We created a scientific anti-vaping campaign based on the harmful effects of inhaling PM2.5 particles in e-cigarette “smoke.” Since these ultra-fine particles associated with lung cancer, black lung, and other respiratory diseases, the EPA warns that the daily PM2.5 concentration should not exceed 35µg/m3. The WHO sets an even stricter limit of 10µg/m3. Unfortunately, we found vape smoke is so dense that the concentration cannot be measured directly using common PM2.5 detectors. We, therefore, had to develop an innovative method to make these measurements. Diluting the smoke, we were able to determine PM2.5 concentrations in the range of 17,000,000 µg/m3, some 500,000 and 1,700,000 times of the EPA and WHO daily limits, respectively. This equates to inhaling more PM2.5 in just one puff than the EPA or WHO recommends for the entire day. Most users take many puffs so the amount of PM2.5 they inhale far exceeds any safe limit. These PM2.5 are carriers of harmful chemicals penetrating deep into the lungs. The discovery of insoluble residues on the wall of the lung model leads to the hypothesis of possible permanent damage to the lungs from long vaping exposure.
Vaping Literally Takes Your Breath Away! So, Stop Vaping!
What is PM2.5?
We all want to breath clean air. One pollutant of serious concern is “PM2.5” that stands for particulate matter less than 2.5 micrometers in size. PM2.5 is important because particles of this size can penetrate deep into the lungs. Lung cancer from cigarettes, black lung, asthma and “popcorn” lung are some of the respiratory diseases associated with PM2.5 inhalation.
Around the world, people try their best to avoid breathing in PM2.5 by wearing masks. The Environmental Protection Agency (EPA) limits PM2.5 daily exposure concentration to 35 µg/m3. The World Health Organization (WHO) exposure limit is even more strict with a daily concentration limit of 10 µg/m3.
Without a doubt, we are facing a vaping crisis and epidemic.
- As of 11/5/19, the CDC reported 2000+ lung illnesses and 40+ deaths related to vaping.
- NYT 11/13/19 “Facing ‘Certain Death,’ Teenager with Vaping Injury Gets Double Lung Transplant.”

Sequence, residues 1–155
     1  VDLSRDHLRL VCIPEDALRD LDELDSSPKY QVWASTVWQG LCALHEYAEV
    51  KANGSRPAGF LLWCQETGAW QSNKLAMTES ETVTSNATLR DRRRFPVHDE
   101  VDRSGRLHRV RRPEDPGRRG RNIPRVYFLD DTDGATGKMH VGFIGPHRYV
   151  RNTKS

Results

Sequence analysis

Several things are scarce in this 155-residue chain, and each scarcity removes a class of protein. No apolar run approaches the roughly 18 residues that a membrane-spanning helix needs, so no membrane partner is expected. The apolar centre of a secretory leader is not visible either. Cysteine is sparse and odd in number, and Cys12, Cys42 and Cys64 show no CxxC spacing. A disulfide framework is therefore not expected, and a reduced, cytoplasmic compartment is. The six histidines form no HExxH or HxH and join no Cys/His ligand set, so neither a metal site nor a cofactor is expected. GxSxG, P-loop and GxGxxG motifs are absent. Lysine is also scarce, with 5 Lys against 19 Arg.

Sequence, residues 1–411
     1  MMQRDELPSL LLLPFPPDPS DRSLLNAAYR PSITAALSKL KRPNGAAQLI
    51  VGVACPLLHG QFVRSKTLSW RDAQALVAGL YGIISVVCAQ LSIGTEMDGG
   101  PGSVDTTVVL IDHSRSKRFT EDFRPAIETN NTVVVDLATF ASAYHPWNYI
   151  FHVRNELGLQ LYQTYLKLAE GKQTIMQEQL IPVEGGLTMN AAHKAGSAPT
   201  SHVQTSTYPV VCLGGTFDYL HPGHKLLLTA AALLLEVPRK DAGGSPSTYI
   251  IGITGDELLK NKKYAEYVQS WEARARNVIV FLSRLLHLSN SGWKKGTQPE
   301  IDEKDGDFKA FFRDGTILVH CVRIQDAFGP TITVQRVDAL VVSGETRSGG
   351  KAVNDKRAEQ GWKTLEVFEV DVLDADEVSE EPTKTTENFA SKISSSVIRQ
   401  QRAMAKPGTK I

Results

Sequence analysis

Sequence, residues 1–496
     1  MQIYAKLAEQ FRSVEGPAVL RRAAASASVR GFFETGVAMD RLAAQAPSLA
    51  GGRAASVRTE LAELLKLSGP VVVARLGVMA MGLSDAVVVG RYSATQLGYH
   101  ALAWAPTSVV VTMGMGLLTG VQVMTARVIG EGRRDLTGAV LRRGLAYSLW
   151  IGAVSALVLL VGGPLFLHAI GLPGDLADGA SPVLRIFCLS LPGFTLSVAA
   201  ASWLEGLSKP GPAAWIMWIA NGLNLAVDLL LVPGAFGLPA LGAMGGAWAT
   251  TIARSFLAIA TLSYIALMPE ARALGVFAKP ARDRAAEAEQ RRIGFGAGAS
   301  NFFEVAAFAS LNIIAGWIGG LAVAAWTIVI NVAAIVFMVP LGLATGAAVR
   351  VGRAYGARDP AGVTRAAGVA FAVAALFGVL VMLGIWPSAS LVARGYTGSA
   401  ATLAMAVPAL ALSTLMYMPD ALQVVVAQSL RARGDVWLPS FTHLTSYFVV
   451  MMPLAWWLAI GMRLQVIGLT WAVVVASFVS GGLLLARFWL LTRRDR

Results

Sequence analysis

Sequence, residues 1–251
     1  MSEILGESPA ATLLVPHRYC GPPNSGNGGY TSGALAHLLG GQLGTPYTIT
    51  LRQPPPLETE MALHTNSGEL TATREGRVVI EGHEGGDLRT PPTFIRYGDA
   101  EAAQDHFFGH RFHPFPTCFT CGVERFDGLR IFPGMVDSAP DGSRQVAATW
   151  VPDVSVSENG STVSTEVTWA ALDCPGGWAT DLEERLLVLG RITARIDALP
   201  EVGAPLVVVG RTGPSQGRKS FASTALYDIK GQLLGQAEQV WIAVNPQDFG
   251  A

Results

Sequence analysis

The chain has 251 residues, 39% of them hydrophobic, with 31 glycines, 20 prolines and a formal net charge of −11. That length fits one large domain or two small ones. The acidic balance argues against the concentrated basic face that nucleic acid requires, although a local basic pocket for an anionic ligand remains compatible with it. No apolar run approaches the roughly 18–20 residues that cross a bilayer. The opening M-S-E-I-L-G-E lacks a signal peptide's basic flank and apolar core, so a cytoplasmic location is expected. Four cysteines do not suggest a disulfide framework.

- There was a 78% increase in vaping among high school students and a 48% increase among middle school students.
In this project, we want to tackle the vaping problem by creating a scientific data based anti-vaping campaign.
E-cigarette vaping creates a thick cloud of “smoke.” We asked, “what is the concentration of PM2.5 in this smoke?”
1. A lung model of 5L normal lung capacity with 3D printed trachea and two primary descending bronchi was built to simulate the vaping smoke entering the lung. We used a 50 ml syringe to capture a normal inhaled puff of the vaping smoke and then immediately injected through the trachea.
2. While making the simulation, we noticed that the puffs leave residues on the Plexiglas wall that could not be cleaned by water, ethanol, Windex or lens cleaner!
3. We also found the PM2.5 concentrations in the simulation setting were well beyond the measurable range of a laser-based light scattering detector.
4. A dilution technique, therefore, was used to overcome this problem - A small sample of smoke was injected into a large chamber. We were only then able to measure concentrations in the range of a PM2.5 detector.
5. From the detector reading and the ratio of the chamber volume to the sample volume, we could then determine the PM2.5 concentrations in the smoke sample.
6. 16 runs were done to eliminate random experimental errors.
- This study revealed that stunningly high concentration of PM2.5 particulates as 17,000,000 µg/m3 that is 500,000 and 1,700,000 times the EPA (35 µg/m3) and the WHO (10 µg/m3) daily concentration limits.
- This equates to inhaling more PM2.5 particles in just one puff than the EPA recommends for the entire day.
- A user may take some 200 puffs a day. The amount of inhaled PM2.5, therefore, far exceeds any safe inhalation limit. These PM2.5 particulates carry harmful chemicals penetrating deep into the lung.
- The discovery of insoluble residues on the wall of the lung model leads to the hypothesis of possible permanent damage to the lungs from long vaping exposure.
Carina Trama (Team Leader), Xun Zhang, Alex Jerdee, Alex Cho, Eddie O’Keefe
Advisors: Dr. Hsuan Lillian Labowsky, Mr. James Kay, Mr. John Wohner
Professor Yong Shi of Mechanical Engineering Department, Stevens Institute of Technology.
Dr. Michael Labowsky, co-inventor of Electrospray Mass Spectrometer
Check out the Anti Vaping PM2.5 Campaign Video!!